Professor believes that in the next 10 – 20 years we become a space civilization and thereby guarantee its future, if we don’t do anything stupid, for example, don’t start a “war in the Pacific”
Professor Brian Cox has high hopes for the future of humanity. According to British scientist, the solution to many of our earthly problems lies in space, where there are unused resources that can satisfy the growing needs of the human race. This, of course, so long as we can keep our trend towards stupidity.
“If we can avoid any nonsense in the next 10 – 20 years, for example, do not violate the global order, don’t start the war in the Pacific or something like that, then we guarantee our future forever,” says the popular physicist and television presenter.
No need to rush beyond the Solar system when we have everything we need right here,” says Cox, explaining that our nearest planets and asteroid belt have “virtually infinite” useful resources, including valuable heavy metals, such as Nickel, cobalt and gold.
And coke in my 49 expects that the human race will begin to colonize other planets during his life.
“We are now at the stage where the next 10 – 20 years will be a time when we become a space civilization,” he says. “From this moment on, our future as a civilization is guaranteed. The moment when we get to the moon and Mars and start to use the resources of the Solar system – this is the moment when we become almost immortal as a civilization. Because we’re not limited to one planet that we can destroy. And now we are doing this”.
We found the scientist and television star at the Mandarin Oriental hotel in Hong Kong when he stopped in town for a few days after tour of Australia with his exhibition show Brian Cox Live.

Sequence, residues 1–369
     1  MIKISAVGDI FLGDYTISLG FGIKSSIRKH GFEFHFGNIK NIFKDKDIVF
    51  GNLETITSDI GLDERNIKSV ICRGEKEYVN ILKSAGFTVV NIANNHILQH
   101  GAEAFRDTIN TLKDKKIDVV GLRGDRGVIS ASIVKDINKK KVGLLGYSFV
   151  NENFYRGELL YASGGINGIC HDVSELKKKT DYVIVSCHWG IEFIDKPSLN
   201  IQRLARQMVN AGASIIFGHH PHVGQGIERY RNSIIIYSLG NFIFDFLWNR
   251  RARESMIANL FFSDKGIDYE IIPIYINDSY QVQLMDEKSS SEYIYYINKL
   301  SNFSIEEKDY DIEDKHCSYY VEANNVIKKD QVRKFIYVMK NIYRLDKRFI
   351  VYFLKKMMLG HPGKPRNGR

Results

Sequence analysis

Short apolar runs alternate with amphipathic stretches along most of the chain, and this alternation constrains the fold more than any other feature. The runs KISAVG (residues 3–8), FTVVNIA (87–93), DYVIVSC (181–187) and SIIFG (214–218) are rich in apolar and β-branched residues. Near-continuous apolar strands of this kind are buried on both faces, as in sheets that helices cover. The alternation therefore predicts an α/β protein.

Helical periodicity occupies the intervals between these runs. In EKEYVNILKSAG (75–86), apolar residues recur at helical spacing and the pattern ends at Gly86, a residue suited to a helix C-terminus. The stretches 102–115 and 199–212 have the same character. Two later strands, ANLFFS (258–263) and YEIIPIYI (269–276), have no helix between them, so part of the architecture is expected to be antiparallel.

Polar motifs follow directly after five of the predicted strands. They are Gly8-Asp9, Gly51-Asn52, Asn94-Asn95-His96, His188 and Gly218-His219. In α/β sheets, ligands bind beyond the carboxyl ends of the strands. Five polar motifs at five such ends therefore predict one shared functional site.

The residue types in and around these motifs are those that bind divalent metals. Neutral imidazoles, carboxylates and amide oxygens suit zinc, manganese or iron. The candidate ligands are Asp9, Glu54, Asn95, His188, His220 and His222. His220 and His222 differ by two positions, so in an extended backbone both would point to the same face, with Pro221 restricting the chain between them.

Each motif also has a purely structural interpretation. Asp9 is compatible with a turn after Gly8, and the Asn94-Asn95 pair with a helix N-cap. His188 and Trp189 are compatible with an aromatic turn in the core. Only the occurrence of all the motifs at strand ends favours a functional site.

Although he began his career as a musician in the rock band Dare and stars of dance music D:Ream in the 80-ies and 90-ies, Coke passion for science through his involvement in both groups. After finishing his doctoral thesis in particle physics, he worked at CERN, the Swiss laboratory, best known for its accelerator and discovery of the Higgs boson.
His documentaries “wonders of the Universe”, “wonders of the Solar system” and regular television appearances have made smiling scientist known person in the UK, where he became famous for his ability to simply explain complex concepts and made physics attractive (One of his books called “Why does E = mc2?”)
Cox was last in Hong Kong in 2013, he spoke to bankers at Credit Suisse Asian Investment Conference, and his first visit took place in 1987 as the band’s keyboardist Dare, they were offered a few weeks stay in one of the city’s musical centers. This time, Cox was sent by the Royal Geographical Society to speak at the annual dinner Space Odyssey, where he addressed some important research topics such as cosmology, gravitational waves and unanswered questions about the origin of the Universe.
Today Coke is the mind of space travel and humanity becoming interplanetary species – concepts which until recently would have been ridiculed as science fiction and as a minimum would be very expensive. This shift in thinking is the subject of the recent documentary film of BBC “the Space race of the XXI century”, first shown in September.
In the one-hour program Cox discusses businessmen-billionaires who moved its focus from Silicon Valley to the sky with commercial space flight and potential colonization of other planets in the Solar system.
Now Asia is extremely positive: you always see progress and optimism
He looks at approaches and innovations SpaceX Elon musk, and Blue Origin, the Amazon founder Jeff Bezos and Virgin Galactic’s Richard Branson and attending the aerospace factory to find out how reusable rockets will make space travel – for both industrial and recreational – is relatively cheap.
“A lot of people my age who grew up in 70-e and 80-e are disappointed that we did not have lunar bases. Now they are the richest people in the world, so they are going to go and build a lunar base,” says Cox. “The reason this is happening boils down to advances in materials science, aerospace and software, which allowed us to do reusable rockets. As soon as you receive it, space will become cheap.”